Plutus aims to bring blockchain to the masses, creating a lifestyle around the cryptocurrency opportunity. Briony Richter speaks to CEO Danial Daychopan and marketing head Peter Panayi about what the business can deliver

Although there has been a global craze surrounding cryptocurrencies, especially Bitcoin, it is the technology behind it that can open the door to more accessible solutions.

Originally created for payments and settlement transactions, blockchain has the potential to change how consumers access data worldwide. Plutus, a mobile application for making contactless cryptocurrency payments, aims to change the way people view cryptocurrencies and bring them safely into their daily lives, accelerating mass adoption.

Plutus has two core products: Plutus Tap & Pay is a mobile app that allows IOS and Android users to make payments using Bitcoin and Ethereum at any contactless-enabled debit card terminal. The product is accepted by all merchants that Visa or Mastercard. In addition, Plutus offers rewards for every deposit made; they are paid to customers in Plutons, which can be used to make more purchases without fees.

The other product is PlutusDEX, is an exchange that provides liquidity for the Tap & Pay app. As well as the three cryptocurrencies, sterling and euros are also present, with the company looking to add US dollars soon.

With numerous cryptocurrency and blockchain companies in the market, Plutus CEO Danial Daychopan tells EPI what sets his business apart from the rest: “The PlutusDEX integrates an Ethereum smart contract, which offers unparalleled transparency and decentralisation when bridging the money we know with the nascent, growing world of cryptocurrencies.

“As Plutus never stores any user deposits, this means there is no central point of failure.”

Describing the methodology further, Daychopan adds: “By the time a user transfers digital currencies to Plutus, escrowed funds are already in place by users on the PlutusDEX. These funds are then only released if the transfer has been explicitly verified on the Bitcoin or Ethereum blockchain with a solid number of confirmations.

“From a security perspective, this is a state of-the-art method for avoiding intermediate counterparties and centralised storage of value which is only possible due to the immutable nature of blockchains with a strong enough hash rate, network distribution, and hashing algorithm. Plutus doesn’t verify the transactions; Bitcoin and Ethereum do.

“Notably, a normal centralised system is forced both store or manage user funds, as well as ensure payment confirmations and maintain solvency for cryptocurrency balances. In Plutus, these aspects are circumvented by design, because users transact with other users and the verification occurs on an external blockchain.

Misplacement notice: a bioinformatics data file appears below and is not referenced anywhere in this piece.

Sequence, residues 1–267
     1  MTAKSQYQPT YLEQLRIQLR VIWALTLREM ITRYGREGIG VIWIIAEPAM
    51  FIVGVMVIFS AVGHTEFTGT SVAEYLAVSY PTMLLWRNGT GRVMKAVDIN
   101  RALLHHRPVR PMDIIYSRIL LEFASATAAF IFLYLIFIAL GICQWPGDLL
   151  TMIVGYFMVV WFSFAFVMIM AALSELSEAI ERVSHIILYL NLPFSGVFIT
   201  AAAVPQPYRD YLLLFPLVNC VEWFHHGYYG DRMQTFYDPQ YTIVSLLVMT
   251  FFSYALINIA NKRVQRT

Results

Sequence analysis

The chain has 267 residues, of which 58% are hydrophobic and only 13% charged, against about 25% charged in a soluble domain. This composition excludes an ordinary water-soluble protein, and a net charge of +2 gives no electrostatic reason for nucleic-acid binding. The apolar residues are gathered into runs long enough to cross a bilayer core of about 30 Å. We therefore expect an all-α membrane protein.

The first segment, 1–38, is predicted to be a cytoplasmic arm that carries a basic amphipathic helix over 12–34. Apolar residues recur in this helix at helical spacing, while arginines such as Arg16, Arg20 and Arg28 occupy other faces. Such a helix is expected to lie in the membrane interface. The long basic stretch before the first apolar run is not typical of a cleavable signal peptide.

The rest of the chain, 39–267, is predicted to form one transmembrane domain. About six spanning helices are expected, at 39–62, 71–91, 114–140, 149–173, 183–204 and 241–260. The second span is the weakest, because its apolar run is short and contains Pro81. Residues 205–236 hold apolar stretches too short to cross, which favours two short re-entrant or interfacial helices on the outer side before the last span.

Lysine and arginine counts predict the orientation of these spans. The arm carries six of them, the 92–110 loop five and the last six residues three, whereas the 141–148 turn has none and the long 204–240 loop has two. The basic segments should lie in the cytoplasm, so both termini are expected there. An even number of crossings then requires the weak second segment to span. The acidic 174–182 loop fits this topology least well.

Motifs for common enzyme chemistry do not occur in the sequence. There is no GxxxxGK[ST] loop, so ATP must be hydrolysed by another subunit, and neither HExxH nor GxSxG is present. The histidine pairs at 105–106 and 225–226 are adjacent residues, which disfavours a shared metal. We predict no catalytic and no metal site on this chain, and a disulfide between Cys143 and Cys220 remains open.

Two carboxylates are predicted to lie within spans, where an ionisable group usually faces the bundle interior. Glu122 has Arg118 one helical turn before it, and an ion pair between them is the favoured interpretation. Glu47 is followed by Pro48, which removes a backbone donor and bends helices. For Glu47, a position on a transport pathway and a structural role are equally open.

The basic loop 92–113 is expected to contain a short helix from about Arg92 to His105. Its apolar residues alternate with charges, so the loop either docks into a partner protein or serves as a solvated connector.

In this way, card balances are managed by the card issuer and all payments verification is handled by a cloud of Bitcoin and Ethereum miners. In this manner, the avoidance of a centralised point of failure alone already conveys a significant security advantage over competing platforms.”


Pluton is the in-app cryptocurrency and acts as a loyalty rewards token.

Head of marketing Peter Panayi explains: “Pluton is a utility token, similar to air miles and rewards users for transactions made on the blockchain. We allow for streamlined transactions that are securely processed using next-gen technology, converting crypto into fiat currency seamlessly. We are essentially a technology service company with a focus on creating as little friction to the customer as possible to give them the confidence to use crypto in an everyday use case.

Panayi adds: “No one is doing this right – we are unique in our clear and transparent approach, giving customers the best service and care. Taking care of our community is fundamental. It’s been an exciting journey so far, and we believe that our solid approach to the regulatory aspect of KYC and AML sets us apart from our peers. We take these matters seriously; especially being a pioneer in the space, one needs to keep their eye on regulatory matters.”

There are fundamental challenges with blockchain, and organisations need robust KYC processes to tackle money laundering and fraud; however, its future is bright. For banks and financial institutions, payment settlements can be significantly improved by blockchain technology.

With legacy systems pulling down banks’ functionality, blockchain could eliminate some processes and positively disrupt the way we pay and trade. Despite its volatility, Bitcoin has proved how blockchain can provide a more seamless way to store data and value.

In December 2017, Swiss bank UBS announced it would be leading a pilot to harness Ethereum smart contracts to improve data quality ahead of MiFID II. Barclays, Credit Suisse, KBC, SIX and Thomson Reuters all joined the venture, which sets out the benefits of blockchain in a broader context than just settlement and clearing. Creating a platform that can allow people to bring cryptocurrencies into their day-to-day lives is what Plutus aims to do. The end goal is to enable consumers to pay with cryptocurrencies anytime and anywhere.